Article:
A WINERY AND VINEYARD WITHOUT GENERATIONS OF EXPERIENCE — NO BLUFFINGOct 21, 2022 01:40PM ● By MARIE EDINGER
MORE THAN ONE WAY TO BUILD
Shawnee Bluff Vineyard and Winery’s owners, the Griswold family, have a background in construction, real estate, and hospitality. Gail Griswold’s father started the business with help from a few partners. Gail and her husband took over in September of 2015. “I don’t know who doesn’t have a passion for wine,” Gail joked. “But I didn’t go to school for it—I don’t have a sommelier, I don’t have any of that—but I was looking into it, and I don’t really need to have any of that to run a business.”
What she does have is fertile land, gorgeous views, and plenty of business savvy. Shawnee Bluff started with the winery in Lake Ozark, overlooking the lake on a bluff. The building was a motel constructed in 1935 when the dam was built and included its original sandstone structure. The winery primarily offers wines from Missouri, though they import some in bulk from California and Washington State. The wines they import stick with the same taste profile and are consistently available. They also bring in some small-batch wines for customers to sample. That site also hosts weddings and other events and frequently holds small or medium-sized concerts.
MISSOURI BORN AND BRED
The Griswolds later added a vineyard in Eldon, where they grow St. Vincent grapes. St. Vincents are a red grape discovered in Augusta, MO in 1973. They stand on their own but also blend very well. Shawnee Bluff uses them to make a semi-sweet, dry rosé that they serve on- site. They plant the popular Vignoles and Chambourcin grapes as well.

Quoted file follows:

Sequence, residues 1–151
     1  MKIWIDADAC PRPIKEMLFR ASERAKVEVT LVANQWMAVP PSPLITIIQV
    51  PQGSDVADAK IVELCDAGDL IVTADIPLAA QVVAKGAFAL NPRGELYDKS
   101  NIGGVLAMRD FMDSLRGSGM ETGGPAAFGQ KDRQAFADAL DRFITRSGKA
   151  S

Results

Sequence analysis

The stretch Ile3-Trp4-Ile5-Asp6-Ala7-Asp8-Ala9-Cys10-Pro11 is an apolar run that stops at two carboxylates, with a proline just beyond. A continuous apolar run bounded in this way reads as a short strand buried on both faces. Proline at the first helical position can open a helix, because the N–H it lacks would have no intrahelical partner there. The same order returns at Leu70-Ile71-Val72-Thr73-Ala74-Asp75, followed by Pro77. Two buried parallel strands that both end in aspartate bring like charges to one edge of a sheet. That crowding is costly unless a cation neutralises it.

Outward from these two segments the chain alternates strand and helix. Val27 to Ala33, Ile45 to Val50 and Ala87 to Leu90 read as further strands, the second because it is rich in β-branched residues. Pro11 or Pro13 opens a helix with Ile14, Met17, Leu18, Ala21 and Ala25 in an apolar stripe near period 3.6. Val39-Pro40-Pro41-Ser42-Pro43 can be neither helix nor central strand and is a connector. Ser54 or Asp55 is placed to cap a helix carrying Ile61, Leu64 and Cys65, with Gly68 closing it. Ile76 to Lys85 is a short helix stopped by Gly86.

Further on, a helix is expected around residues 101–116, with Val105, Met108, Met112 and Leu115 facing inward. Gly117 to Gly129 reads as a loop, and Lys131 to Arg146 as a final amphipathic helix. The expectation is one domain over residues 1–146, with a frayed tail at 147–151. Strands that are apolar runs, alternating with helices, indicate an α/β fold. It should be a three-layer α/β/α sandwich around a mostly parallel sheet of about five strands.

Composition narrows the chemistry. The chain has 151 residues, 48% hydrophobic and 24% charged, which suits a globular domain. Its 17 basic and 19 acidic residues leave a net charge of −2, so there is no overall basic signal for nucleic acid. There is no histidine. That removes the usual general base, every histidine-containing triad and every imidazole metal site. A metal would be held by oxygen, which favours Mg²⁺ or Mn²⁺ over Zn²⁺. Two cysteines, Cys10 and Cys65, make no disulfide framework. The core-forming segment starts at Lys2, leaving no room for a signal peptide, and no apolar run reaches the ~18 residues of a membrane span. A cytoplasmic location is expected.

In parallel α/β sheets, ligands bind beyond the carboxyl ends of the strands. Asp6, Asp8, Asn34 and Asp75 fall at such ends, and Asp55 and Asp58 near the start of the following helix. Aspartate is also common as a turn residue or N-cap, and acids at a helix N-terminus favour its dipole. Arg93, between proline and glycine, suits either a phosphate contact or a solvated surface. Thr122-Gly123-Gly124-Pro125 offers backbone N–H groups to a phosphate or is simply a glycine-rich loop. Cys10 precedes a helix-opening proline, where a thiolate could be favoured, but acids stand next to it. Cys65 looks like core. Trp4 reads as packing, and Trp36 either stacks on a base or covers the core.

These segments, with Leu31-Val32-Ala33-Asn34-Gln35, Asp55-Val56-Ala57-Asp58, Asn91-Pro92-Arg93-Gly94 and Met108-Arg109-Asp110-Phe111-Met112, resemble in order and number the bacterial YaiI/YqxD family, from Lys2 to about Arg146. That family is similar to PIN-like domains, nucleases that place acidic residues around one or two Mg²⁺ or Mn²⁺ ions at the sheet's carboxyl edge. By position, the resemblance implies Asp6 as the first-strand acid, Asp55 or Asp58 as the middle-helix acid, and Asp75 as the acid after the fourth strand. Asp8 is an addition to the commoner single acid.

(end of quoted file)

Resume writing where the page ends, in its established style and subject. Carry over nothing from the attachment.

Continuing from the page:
“It kind of depends on how the wine is processing,” explained Gail. “We’re very small, so our vineyard manager keeps an eye aging it. We do have some dessert wine that we’re aging. It just kind of depends on the market—what’s available. We’ve had a couple frosts here the last couple years.” They also have some vines at the Lake Ozark location, which don’t frost over as much and create different wines.
GETTING THERE IS HALF THE FUN
Soon, Shawnee Bluff will have a 16-acre destination winery in Camdenton called Riverbird. It overlooks a tributary leading into the Lake of the Ozarks. “It’s kind of a prime, quiet spot—I guess it’s the last frontier of the lake,” said Gail. “It’s still heavily-owned, residential, farming, and agriculture—not a lot of commercial, so it’s really off the beaten path, very private. I think that’s the appeal—and it’s more of an adventure getting there.”
The site is on the National Historic Registry. It was built in 1919, mainly as a hunting lodge and then changing hands over the years. It’s a gorgeous spot in nature, where visitors can even kayak in and out on the Little Niagara River. “I’d say one of the things we specialize in and really enjoy is taking old spaces and bringing them back to life,” said Gail. They’ve been working on renovations since 2018 and are hoping to open in the fall of 2022.
Once that winery is up and running, Gail will be able to shift her focus back to small-batch wines and production. They also have a distillery permit and are working on aging a brandy
Shawnee Bluff Winery
2430 Bagnell Dam Boulevard
Lake Ozark, MO
8 Tolwood Road
442 Riverbird Lane